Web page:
Mr Howlands was tall, heavily built, with an oval-shaped face that ended in a double chin and a big stomach. In physical appearance at least, he was a typical Kenya settler. He was a product of the First World War. After years of security at home, he had been suddenly called to arms and he had gone to the war with the fire of youth that imagines war a glory. But after four years of blood and terrible destruction, like many other young men he was utterly disillusioned by the “peace.” He had to escape. East Africa was a good place. Here was a big trace of wild country to conquer.
“Education is everything,” Ngotho said. Yet he doubted this because he knew deep inside his heart that land was everything. Education was good only because it would lead to the recovery of the lost lands.
Ngotho rarely complained. He had all his life lived under the belief that something big would happen. That was why he did not want to be away from the land that belonged to his ancestors. That was really why he had faithfully worked for Mr Howlands, tending the soil carefully and everything that was in it. His son had come and with one stroke had made him doubt that very allegiance to Mr Howlands and the soil. And with this doubt had now come an old man’s fear of his son. Boro had changed. This was all because of the war. Ngotho felt the war had dealt ill with him. It had killed one son! And the other was accusing him.
Njoroge usually stood on this hill whenever he wanted to see his mother or brother coming from a distance. If he saw any of them he ran and helped them carry whatever they had. It did not matter if it was Njeri or any of her sons. The feeling of oneness was a thing that most distinguished Ngotho’s household from many other polygamous families. Njeri and Nyokabi went to the shamba or market together. Sometimes they agreed among themselves that while one did that job the other would do this one. This was attributed to Ngotho, the centre of the home. For if you have a stable centre, then the family will hold.
“I must be a man in my own house.”
“Yes—be a man and lose a job.”
“I shall do whatever I like. I have never taken orders from a woman.”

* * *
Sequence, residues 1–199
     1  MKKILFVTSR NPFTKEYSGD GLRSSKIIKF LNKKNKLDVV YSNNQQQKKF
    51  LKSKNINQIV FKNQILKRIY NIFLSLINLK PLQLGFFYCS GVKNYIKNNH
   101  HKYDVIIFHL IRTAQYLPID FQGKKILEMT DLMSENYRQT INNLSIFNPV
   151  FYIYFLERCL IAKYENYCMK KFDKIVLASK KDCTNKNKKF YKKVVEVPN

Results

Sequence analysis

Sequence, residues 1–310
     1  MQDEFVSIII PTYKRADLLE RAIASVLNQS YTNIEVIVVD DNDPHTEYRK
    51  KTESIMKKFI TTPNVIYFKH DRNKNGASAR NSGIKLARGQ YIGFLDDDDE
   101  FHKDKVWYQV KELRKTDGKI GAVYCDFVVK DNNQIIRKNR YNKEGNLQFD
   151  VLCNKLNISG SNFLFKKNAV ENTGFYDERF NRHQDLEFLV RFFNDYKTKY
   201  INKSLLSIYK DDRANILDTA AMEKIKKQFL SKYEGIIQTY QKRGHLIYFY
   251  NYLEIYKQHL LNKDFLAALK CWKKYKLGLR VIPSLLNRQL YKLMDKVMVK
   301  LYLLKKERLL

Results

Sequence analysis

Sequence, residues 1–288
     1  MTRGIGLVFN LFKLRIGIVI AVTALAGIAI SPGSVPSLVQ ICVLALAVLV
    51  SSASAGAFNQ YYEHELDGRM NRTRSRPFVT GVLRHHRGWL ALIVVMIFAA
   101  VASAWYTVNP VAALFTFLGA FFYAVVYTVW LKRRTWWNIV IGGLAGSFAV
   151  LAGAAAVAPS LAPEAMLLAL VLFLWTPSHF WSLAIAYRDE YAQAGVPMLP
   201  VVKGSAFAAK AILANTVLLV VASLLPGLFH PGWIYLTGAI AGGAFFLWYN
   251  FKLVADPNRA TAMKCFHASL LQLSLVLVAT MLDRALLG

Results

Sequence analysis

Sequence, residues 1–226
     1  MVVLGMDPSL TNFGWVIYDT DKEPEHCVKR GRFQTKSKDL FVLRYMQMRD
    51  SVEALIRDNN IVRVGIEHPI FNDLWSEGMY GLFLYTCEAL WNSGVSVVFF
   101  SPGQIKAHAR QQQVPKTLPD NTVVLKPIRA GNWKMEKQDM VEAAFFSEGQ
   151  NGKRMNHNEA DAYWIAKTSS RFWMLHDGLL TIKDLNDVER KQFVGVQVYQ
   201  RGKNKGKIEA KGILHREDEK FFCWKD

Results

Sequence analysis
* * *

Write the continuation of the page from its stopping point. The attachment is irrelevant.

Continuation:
“We shall starve . . .”
“You starve! This strike is important for the black people. We shall get bigger salaries.”
“What's black people to us when we starve?”
“Lord, do you think the strike will be a success?”
He wanted an assurance. He wanted a foretaste of the future before it came. In the Old Testament, God spoke to His people. Surely He could do the same thing now. So Njoroge listened, seriously and quietly. He was still listening when he fell asleep.
Jacobo, the richest man in all the land around, had been brought to pacify the people. Everyone listened to him in silence. But something unusual happened to Ngotho. For one single moment Jacobo crystallised into a concrete betrayal of the people. He became the physical personification of the long years of waiting and suffering—Jacobo was a traitor. Ngotho rose. He made his way towards the platform while everyone watched, wondering what was happening. He was now near Jacobo. The battle was now between these two—Jacobo on the side of the white people, and he on the side of the black people.
Ngotho did not speak much. He sat in his own corner and Njoroge could not tell if he was listening to what was going on. Ngotho was changing. Soon after the strike Boro quarrelled much with the old man. He accused him of having spoilt everything by his rash action in spite of Kiarie’s warning. Boro clearly had contempt for Ngotho. But he had never expressed it in words except on those two occasions. Since then, he had become more critical of Ngotho. Ngotho, as a result, had diminished in stature, often assuming a defensive secondary place whenever talking with his sons and their friends. For months he had remained in this position, often submitting unflinchingly to his son. And then Boro thought that he could make the old man submit to his will. But Ngotho made a determined resistance. He would not take the Mau Mau oath at his son’s hands or instruction. There had been a bitter quarrel and Boro had stayed for a long time without coming home.
But what could he have done? He had to go on strike. He had not wanted to be accused by a son anymore, because when a man was accused by the eyes of his son who had been to war and had witnessed the death of a brother, he felt guilty. But Ngotho had always wanted to be gentle with Boro because he knew that the son must have been sorely tried in the war. The something that had urged him to fight against Jacobo certainly had no logic. But it alienated Boro further still.